Image of a lock.Anders Wenngren

Proof of Work

Miners following this protocol compete to crack a cryptographic puzzle using sheer computing power. The first miner to solve it gets to create the next block. Other users then validate the block, including the transaction data inside it. If the block passes muster, it’s added to the blockchain. The successful miner then gets a reward, in the form of cryptocurrency.

Image of stacked coins.Anders Wenngren

Proof of Stake

PoW’s main rival is used by the Cardano platform’s Ada cryptocurrency and by Peercoin. Ethereum is also in the process of switching to this mechanism. With PoS, it’s not the amount of work that determines who makes the next block; it’s how much of their crypto holdings users are willing to lock up as a stake. Normally an element of chance is built in so that the richest user doesn’t win every time.

Image of stacked coins and fire.Anders Wenngren

Proof of Burn

Rather than investing computing resources or putting up a stake to win the right to create new blocks, users “burn” some of their cryptocurrency by sending coins to a one-way address from which they can’t be retrieved or spent. The more coins users burn, the better their chances of winning. Burned coins devalue with age, though, so users must continually invest in the network.

Image of a magnifying glass.Anders Wenngren

Proof of Capacity

In contrast with PoW’s real-time competition to solve cryptographic puzzles, users compute thousands or millions of potential answers and store them on their hard drives. The more memory the users have, the more potential answers they can store. Each time a new block needs to be made, users search for an answer to the puzzle. Whoever is fastest gets to mine that block.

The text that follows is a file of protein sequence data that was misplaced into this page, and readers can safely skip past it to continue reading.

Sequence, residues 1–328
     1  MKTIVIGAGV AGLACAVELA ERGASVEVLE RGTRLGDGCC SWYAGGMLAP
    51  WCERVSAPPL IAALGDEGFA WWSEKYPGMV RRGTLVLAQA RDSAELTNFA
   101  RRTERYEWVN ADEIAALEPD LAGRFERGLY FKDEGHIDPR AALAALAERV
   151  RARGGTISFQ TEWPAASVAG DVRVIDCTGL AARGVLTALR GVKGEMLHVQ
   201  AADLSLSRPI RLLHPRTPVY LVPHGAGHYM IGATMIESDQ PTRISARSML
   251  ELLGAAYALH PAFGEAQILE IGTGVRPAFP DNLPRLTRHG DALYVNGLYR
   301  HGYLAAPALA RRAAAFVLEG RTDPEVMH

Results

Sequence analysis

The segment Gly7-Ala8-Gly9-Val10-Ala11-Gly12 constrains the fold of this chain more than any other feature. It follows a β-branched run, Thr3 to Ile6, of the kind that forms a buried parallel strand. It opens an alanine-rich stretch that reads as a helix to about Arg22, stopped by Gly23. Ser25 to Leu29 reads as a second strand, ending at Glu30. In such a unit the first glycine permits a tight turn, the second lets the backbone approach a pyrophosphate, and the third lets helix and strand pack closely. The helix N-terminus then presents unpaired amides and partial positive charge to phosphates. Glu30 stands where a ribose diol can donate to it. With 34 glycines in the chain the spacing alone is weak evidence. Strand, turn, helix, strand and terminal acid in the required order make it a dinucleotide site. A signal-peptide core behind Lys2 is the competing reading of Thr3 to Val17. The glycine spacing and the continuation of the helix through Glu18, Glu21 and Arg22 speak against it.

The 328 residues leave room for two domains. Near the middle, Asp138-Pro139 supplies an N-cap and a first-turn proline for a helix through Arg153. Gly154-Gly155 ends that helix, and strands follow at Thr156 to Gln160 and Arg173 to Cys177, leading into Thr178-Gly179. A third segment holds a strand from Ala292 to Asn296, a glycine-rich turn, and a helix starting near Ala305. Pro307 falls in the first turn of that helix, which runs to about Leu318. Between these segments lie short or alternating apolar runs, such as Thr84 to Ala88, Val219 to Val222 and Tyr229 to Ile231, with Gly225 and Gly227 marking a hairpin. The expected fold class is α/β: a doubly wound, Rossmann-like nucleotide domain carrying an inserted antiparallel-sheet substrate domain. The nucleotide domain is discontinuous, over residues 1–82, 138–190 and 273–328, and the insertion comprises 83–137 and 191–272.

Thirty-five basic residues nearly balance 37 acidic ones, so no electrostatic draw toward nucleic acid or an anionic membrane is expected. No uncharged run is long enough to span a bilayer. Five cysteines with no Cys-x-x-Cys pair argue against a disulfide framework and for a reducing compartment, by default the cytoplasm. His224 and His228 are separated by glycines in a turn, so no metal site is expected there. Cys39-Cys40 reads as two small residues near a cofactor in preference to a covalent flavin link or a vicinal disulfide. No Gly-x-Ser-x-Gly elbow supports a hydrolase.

About the Author

Edd Gent is a freelance science and technology journalist based in Bangalore, India.

This article appears in the July 2021 print issue as “Four Ways to Secure Blockchains.”

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Quantum Error Correction: Time to Make It Work

If technologists can’t perfect it, quantum computers will never be big

13 min read
Quantum Error Correction: Time to Make It Work
Chad Hagen
Blue

Dates chiseled into an ancient tombstone have more in common with the data in your phone or laptop than you may realize. They both involve conventional, classical information, carried by hardware that is relatively immune to errors. The situation inside a quantum computer is far different: The information itself has its own idiosyncratic properties, and compared with standard digital microelectronics, state-of-the-art quantum-computer hardware is more than a billion trillion times as likely to suffer a fault. This tremendous susceptibility to errors is the single biggest problem holding back quantum computing from realizing its great promise.

Fortunately, an approach known as quantum error correction (QEC) can remedy this problem, at least in principle. A mature body of theory built up over the past quarter century now provides a solid theoretical foundation, and experimentalists have demonstrated dozens of proof-of-principle examples of QEC. But these experiments still have not reached the level of quality and sophistication needed to reduce the overall error rate in a system.